Finding the Will to Transform

21-24 October, Hawke’s Bay

Our intention for this conference is to explore and discuss the power of Meditation, fostering a discussion between the tension of inner and outer work. How do we find the right balance to live in the 21st century and to respond to the needs of the world and of our time? Meditation as a deed or as an inner soothing need? How can Meditation empower change, transformation and social justice?

Meditation is commonly used for relaxation, inner peace, healing and personal empowerment, to strengthen and enhance ones personal and professional life. It has become a part of daily work-life in many leading global corporations and workplaces to improve workplace wellbeing and performance. However, as a path of self-knowledge, meditation can open the human soul to the deep spiritual foundations of its own existence. Meditation also offers insight into the forces and effects that lie behind material phenomena, and those that shape and influence the social, cultural and political environment in which we live. These forces can be both beneficent and malign. Knowing the nature and depth of what we are experiencing gives us the opportunity of making right decisions and actions, and in this sense meditation can become an active and positive force in the world. Self-development, self-awareness and self-mastery are the fruits of a true meditative practice.

The biggest challenge we meet in meditation is finding our will to do it, the will to make it a practice, the will to sustain the meditation process when we are in it, and the will to integrate its transformative fruits back into the world.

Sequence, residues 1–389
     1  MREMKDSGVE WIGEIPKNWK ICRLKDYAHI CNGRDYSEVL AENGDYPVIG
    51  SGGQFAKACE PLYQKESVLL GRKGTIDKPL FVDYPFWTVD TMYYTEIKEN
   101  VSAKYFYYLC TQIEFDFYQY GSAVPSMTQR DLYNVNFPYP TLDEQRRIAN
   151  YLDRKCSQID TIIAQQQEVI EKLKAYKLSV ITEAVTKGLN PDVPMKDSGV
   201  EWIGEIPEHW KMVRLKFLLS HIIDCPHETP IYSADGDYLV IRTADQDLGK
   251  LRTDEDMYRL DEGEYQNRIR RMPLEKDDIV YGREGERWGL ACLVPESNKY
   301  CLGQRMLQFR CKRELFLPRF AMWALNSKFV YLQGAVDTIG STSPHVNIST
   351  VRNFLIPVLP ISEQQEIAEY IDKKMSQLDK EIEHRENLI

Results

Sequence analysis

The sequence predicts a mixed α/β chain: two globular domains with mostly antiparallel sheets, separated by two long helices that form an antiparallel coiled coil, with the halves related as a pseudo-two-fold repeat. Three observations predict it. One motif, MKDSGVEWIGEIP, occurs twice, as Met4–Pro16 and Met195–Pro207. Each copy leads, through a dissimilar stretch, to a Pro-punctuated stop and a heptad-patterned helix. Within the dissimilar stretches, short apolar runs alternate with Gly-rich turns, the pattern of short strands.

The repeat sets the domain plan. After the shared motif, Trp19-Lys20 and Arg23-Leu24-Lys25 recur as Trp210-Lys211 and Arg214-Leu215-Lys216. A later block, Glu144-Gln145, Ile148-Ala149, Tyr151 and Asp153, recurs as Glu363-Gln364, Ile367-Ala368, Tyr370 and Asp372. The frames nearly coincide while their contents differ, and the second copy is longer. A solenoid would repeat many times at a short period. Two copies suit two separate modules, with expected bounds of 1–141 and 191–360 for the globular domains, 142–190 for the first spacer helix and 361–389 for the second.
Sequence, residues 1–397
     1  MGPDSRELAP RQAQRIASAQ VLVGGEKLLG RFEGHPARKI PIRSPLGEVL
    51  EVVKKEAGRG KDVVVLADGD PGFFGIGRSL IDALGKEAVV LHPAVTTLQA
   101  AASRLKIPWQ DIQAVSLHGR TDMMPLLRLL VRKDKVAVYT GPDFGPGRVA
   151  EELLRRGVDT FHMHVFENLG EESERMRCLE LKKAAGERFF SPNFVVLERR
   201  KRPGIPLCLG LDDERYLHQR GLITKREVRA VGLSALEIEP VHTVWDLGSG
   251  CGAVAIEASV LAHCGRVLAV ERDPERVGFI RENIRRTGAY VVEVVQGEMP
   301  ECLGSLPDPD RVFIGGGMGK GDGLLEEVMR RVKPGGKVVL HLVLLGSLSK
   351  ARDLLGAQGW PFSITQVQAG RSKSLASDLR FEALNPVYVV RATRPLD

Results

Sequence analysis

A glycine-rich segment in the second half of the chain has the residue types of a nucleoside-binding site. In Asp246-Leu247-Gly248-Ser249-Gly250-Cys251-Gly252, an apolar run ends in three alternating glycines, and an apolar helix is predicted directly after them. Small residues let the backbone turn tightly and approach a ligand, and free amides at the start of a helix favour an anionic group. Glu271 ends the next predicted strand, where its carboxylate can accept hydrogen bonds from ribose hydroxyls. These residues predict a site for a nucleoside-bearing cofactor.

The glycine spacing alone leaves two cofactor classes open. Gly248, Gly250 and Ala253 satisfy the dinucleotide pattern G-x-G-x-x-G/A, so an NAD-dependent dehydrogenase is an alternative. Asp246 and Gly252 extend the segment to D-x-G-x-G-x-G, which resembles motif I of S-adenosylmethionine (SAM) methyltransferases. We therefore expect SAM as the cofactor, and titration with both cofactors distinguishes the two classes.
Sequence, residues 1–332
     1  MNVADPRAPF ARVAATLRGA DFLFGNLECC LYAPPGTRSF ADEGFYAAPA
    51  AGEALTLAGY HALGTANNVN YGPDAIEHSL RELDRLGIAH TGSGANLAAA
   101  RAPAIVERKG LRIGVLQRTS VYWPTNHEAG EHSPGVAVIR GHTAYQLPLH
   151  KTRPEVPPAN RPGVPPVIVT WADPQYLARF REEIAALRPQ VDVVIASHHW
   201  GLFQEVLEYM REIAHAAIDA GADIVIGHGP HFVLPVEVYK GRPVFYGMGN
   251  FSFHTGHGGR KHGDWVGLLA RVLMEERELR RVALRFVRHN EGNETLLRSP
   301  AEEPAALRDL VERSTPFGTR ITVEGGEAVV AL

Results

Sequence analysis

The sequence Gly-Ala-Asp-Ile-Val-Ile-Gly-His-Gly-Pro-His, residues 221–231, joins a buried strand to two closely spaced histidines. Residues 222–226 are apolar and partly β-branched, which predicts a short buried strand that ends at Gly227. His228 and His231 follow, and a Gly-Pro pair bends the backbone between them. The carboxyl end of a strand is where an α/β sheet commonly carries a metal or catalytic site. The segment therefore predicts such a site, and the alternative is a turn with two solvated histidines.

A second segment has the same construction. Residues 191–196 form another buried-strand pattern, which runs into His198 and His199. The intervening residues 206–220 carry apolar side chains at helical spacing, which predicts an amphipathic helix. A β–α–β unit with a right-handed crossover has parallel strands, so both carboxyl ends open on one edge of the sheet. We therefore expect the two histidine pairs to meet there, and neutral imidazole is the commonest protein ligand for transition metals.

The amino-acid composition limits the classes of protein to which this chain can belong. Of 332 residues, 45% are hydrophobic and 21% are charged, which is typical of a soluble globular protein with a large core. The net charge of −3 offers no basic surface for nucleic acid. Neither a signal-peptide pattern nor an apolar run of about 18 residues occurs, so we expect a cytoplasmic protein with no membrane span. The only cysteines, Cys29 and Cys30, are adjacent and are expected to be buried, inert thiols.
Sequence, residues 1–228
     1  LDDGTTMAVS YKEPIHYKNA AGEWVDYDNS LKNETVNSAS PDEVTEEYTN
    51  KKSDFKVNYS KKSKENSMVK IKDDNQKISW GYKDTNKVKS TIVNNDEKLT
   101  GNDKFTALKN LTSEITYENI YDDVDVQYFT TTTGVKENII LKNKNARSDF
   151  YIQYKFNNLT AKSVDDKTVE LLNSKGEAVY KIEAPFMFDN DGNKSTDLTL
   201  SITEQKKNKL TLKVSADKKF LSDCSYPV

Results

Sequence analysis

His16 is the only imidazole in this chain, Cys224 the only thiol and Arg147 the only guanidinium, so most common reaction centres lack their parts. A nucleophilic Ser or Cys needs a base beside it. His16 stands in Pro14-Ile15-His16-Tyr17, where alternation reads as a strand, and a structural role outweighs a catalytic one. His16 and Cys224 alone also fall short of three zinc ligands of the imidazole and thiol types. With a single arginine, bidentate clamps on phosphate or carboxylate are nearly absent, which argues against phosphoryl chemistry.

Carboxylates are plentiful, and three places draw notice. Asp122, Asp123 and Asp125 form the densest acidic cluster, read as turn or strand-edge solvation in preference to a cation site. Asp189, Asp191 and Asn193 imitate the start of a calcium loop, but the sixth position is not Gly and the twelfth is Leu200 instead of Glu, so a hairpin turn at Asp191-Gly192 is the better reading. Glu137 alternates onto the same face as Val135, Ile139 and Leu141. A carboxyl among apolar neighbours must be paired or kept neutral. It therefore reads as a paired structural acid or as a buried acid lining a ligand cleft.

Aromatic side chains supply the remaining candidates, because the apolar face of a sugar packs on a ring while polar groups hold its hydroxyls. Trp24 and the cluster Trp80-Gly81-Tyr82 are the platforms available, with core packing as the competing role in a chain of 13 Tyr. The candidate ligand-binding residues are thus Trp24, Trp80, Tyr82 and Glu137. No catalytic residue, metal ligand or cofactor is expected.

The Anthroposophical approach to meditation requires Will forces, otherwise it simply won’t happen. It takes firm will forces to hold thinking and feeling together so that the meditation progresses. This is why I like calling Anthroposophical meditation ‘Threefold meditation.’ Thinking, feeling and willing are flowing one into the other during a meditation, however, the will is such a key component in holding it all together – and it is the will which is being undermined so powerfully and tragically in today’s world.
– Mark Geard of Alamandria: Art of Meditation & Mindfulness



Taherama Hollis Tahe will be the opening speaker For the conference Meditation in Action. She will also be offering a workshop on working with plants together with Nic Parkes of Weleda.

Tahe Hollis is a Rongoa Māori Specialist, her practice is founded on the knowledge and wisdom of traditional and contemporary Māori healing. This foundation of traditional Māori healing is ‘Taha Wairua’– the ‘World of Connections’ – which is a holistic approach of bringing all ‘Mauri’ (life force) together, into ‘a harmonic vibrational state’ of wellness.

As well as being a Tohunga – a Māori Spiritual Practitioner – Tahe offers a variety of healing opportunities through her work including but not limited to; Wairua Whakawhitiwhiti Korero (Spiritual Counselling, which includes parapsychology), Meditation, Usui Reiki and is a spiritual facilitator and advisor for transition of the death and dying process for an individual and the whole whanau.

Tahe is also a mentor, and a teacher of Māori tikanga, and provides cultural supervision and consultancy to promote Māori culture & values to organisations.